Eastern states beef kills lifted 1.5pc last week, but the longer-term trend continues to moderate when compared with recent all-time record highs.
The National Livestock Reporting Service logged a seven-day kill ended Friday of 149,572 head, about 2000 more than a week earlier.
Comparisons with last year show how much contrast there has been in the pattern of Eastern states kills over the past 12 months.
This week last year, the Eastern states kill was below 115,000 head, and sat for some period around 125,000 head – about 20pc below the current figure. Producers were holding cattle back to make the most, weight-wise, of an excellent season, before rates of kill started to climb in the second half of the year.
Late in the year, of course, the cycle had turned, and high kills stated to be driven by deteriorating seasonal conditions.
Last week, southern states regained some of the ground lost a week earlier in tallies, while Queensland remained basically unchanged.
While supply pressure remains reasonably high in Queensland, the normal winter deficiency in killable cattle in southern states is now in starting to show.
Queensland’s kill last week reached 80,820 head, down 1pc on a week earlier, however processors in that state report solid bookings over the next fortnight. There appears to be few, if any rosters containing weekend or overtime kills left in Queensland, as the peak of the drought-driven turnoff cycle passes.
Widespread rain in the latter stages of last week came too late to impact kills in New South Wales, with a 7pc rise recorded on a week earlier to 37,069 head. Reports suggest a major breakdown at the large Primo plant in Scone may have impacted the state’s kill performance a week earlier. One report had 52 decks of Prime cattle out of Winton camped at Roma yards while the breakdown was being rectified.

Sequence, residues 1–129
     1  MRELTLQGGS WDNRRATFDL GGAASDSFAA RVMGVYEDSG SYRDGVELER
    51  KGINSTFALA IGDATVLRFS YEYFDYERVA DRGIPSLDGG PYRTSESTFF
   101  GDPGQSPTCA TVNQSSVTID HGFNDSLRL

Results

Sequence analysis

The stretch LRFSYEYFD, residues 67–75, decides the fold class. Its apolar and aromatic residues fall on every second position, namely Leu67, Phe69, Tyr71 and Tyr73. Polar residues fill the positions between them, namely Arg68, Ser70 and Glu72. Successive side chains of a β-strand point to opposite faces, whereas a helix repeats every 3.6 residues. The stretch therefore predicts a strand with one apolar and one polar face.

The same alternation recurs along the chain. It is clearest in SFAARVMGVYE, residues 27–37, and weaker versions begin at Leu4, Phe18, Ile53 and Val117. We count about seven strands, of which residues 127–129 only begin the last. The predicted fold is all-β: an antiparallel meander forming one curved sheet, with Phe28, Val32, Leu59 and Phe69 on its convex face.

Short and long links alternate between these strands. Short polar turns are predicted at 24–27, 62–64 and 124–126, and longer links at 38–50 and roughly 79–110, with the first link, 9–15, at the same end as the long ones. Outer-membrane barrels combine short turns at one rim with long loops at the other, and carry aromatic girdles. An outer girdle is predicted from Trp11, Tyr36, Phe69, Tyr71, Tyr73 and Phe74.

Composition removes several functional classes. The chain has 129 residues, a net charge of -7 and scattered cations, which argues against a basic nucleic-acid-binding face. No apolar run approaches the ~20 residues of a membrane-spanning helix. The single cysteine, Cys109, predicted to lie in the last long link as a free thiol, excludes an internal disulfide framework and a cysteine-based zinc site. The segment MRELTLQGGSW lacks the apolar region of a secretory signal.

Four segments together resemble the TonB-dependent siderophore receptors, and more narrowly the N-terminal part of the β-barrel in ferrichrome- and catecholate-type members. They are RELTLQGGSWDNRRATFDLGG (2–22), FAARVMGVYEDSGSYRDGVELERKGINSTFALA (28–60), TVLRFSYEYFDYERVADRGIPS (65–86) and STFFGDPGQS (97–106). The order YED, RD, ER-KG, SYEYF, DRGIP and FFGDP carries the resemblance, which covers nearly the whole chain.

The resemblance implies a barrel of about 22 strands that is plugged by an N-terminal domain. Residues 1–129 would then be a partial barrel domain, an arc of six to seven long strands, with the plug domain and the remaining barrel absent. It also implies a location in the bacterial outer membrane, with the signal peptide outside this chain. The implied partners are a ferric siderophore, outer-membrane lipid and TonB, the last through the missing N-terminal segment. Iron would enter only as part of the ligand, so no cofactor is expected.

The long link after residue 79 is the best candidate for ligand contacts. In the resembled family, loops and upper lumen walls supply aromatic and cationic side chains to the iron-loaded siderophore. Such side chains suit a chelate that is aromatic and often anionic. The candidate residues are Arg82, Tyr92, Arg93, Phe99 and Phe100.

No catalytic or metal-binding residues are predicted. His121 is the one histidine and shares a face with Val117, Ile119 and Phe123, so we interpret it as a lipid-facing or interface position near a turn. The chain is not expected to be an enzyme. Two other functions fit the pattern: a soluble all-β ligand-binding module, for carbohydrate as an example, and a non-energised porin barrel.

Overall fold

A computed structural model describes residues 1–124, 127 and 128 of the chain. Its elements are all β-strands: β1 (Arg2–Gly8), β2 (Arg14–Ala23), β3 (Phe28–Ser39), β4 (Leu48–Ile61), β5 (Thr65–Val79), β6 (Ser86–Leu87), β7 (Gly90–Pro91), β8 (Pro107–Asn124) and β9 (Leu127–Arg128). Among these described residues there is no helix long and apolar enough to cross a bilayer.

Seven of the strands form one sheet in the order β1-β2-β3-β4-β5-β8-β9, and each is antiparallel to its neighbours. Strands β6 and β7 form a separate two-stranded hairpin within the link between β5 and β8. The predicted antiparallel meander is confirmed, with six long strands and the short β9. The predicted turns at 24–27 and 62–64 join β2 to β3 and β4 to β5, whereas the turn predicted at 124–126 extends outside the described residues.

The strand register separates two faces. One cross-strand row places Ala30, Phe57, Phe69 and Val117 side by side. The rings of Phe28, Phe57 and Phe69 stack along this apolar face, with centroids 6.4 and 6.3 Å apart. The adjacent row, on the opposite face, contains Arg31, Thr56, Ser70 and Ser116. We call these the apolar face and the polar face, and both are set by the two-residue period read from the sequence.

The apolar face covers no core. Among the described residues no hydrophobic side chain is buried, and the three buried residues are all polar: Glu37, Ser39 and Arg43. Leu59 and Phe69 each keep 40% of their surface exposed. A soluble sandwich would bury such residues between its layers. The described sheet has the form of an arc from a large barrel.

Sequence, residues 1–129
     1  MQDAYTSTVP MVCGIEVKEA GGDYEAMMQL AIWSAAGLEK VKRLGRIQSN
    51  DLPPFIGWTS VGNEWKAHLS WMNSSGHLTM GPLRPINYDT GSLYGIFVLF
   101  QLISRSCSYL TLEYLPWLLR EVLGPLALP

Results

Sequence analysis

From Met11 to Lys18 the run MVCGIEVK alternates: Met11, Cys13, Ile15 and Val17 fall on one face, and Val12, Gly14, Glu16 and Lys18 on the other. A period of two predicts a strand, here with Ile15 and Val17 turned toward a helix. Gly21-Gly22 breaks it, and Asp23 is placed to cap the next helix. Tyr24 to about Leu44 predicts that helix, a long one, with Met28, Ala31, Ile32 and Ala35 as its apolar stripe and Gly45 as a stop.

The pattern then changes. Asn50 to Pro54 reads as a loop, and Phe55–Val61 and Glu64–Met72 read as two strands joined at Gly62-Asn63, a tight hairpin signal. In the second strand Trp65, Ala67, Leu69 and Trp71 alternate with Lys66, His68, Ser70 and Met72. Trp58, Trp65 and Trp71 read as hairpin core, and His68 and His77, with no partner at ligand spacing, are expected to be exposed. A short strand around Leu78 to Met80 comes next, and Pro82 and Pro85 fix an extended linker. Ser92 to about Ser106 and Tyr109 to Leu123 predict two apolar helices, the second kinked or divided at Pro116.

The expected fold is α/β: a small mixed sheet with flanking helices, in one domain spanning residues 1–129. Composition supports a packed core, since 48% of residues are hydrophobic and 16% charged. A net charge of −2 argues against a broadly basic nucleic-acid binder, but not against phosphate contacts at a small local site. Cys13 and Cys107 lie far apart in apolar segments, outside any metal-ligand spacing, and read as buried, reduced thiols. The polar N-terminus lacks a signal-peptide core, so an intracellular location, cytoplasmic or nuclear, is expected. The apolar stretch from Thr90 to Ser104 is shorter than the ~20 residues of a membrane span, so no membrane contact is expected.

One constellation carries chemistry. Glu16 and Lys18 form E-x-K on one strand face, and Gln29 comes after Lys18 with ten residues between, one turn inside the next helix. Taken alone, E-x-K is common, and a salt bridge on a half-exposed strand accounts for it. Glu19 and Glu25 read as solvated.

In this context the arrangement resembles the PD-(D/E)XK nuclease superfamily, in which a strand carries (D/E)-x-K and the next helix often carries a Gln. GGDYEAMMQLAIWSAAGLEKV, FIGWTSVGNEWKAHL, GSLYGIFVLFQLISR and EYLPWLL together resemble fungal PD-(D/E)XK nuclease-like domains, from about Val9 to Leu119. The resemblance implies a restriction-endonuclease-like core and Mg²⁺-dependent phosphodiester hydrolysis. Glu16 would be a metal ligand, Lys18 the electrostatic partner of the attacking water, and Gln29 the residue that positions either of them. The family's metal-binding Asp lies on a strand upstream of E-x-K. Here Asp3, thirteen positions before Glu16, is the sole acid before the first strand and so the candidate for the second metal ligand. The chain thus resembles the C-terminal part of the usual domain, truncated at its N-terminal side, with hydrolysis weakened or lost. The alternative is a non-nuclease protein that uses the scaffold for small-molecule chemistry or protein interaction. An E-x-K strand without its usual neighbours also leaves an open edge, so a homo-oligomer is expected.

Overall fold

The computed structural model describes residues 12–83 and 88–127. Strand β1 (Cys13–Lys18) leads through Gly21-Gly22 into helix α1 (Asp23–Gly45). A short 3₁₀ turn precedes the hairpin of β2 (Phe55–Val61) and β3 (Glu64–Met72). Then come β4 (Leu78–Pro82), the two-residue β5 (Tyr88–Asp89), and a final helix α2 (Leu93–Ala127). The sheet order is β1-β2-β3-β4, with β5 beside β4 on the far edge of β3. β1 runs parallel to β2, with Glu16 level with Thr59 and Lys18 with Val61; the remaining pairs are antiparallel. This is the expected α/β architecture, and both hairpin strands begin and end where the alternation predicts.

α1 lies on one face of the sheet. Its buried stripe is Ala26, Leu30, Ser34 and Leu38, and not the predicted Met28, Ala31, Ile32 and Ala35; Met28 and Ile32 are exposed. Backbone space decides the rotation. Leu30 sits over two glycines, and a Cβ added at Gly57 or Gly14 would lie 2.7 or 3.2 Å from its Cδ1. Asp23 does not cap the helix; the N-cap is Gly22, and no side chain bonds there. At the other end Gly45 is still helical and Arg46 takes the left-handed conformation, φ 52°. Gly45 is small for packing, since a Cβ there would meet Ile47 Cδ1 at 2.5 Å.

Victoria also recovered a little, rising 3pc to 23,805 head, while Tasmania was -7pc to 4267 head last week.
South Australia continued to kill at well below capacity, influenced largely by the two-week seasonal maintenance closure at the 800-head-per-day T&R Murray Bridge plant. T&R returns to work on Monday. The impact is clearly seen in last week’s SA kill at 3611 head, which while +1pc up from a week earlier, was 41pc below this time last year, when T&R was in full swing.
More grids down 5c/kg
Following a trend which started last week when one major Queensland processor dropped its rates 5c/kg across the board, two others have followed suit since Thursday with a similar adjustment.
That appears to be driven by a recent surge in direct consignment turnoff, perhaps sparked a little by new financial year tax implications, and also the earlier lifts seen in direct consignment slaughter rates. One large multi-site operator suggested his company’s Queensland kill roster was again heavily subscribed for the next fortnight. He expressed some surprise at how plentiful bookings had been this week.
There’s also a feeling that unless there is some rain relief soon, there might be an influx of early oats-finished cattle, that would normally not be seen until late August at earliest. Some oats crops in southern Queensland and northern NSW are apparently now showing signs of stress, and may spark some marketing activity.
The lack of rain prospects has probably also driven the big correction seen in the Queensland store market last week, which started at last Tuesday’s big Roma store sale, and continued throughout the week. Roma has responded with a much smaller yarding for today’s weekly sale, around 5000 head.
Public grid prices obtained yesterday by Beef Central for Southeast Queensland kills showed four-tooth grassfed steer at 308-315c, 0-2 tooth grassfed steer around 318-325c, and best cow 265-270c.
Grainfed cattle, particularly MSA steers, continue to hit the market in some abundance – beyond what the market can handle, one large processor said. That comes as a consequence of the big numbers placed on feed earlier in the year as the seriously dry conditions set in across Qld and NSW.
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